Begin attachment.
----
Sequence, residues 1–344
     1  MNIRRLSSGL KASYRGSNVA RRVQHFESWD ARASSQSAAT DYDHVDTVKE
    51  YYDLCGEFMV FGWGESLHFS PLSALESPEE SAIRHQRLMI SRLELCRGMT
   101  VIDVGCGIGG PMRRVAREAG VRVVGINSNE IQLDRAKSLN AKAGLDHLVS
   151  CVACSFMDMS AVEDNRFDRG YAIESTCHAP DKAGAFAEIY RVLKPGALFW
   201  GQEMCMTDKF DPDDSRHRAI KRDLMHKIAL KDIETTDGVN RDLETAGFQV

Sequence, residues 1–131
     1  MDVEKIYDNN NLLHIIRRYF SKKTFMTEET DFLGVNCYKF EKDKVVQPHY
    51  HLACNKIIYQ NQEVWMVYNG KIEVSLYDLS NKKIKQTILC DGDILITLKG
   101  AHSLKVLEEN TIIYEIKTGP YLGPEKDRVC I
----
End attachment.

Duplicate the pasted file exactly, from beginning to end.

Sequence, residues 1–344
     1  MNIRRLSSGL KASYRGSNVA RRVQHFESWD ARASSQSAAT DYDHVDTVKE
    51  YYDLCGEFMV FGWGESLHFS PLSALESPEE SAIRHQRLMI SRLELCRGMT
   101  VIDVGCGIGG PMRRVAREAG VRVVGINSNE IQLDRAKSLN AKAGLDHLVS
   151  CVACSFMDMS AVEDNRFDRG YAIESTCHAP DKAGAFAEIY RVLKPGALFW
   201  GQEMCMTDKF DPDDSRHRAI KRDLMHKIAL KDIETTDGVN RDLETAGFQV

Sequence, residues 1–131
     1  MDVEKIYDNN NLLHIIRRYF SKKTFMTEET DFLGVNCYKF EKDKVVQPHY
    51  HLACNKIIYQ NQEVWMVYNG KIEVSLYDLS NKKIKQTILC DGDILITLKG
   101  AHSLKVLEEN TIIYEIKTGP YLGPEKDRVC I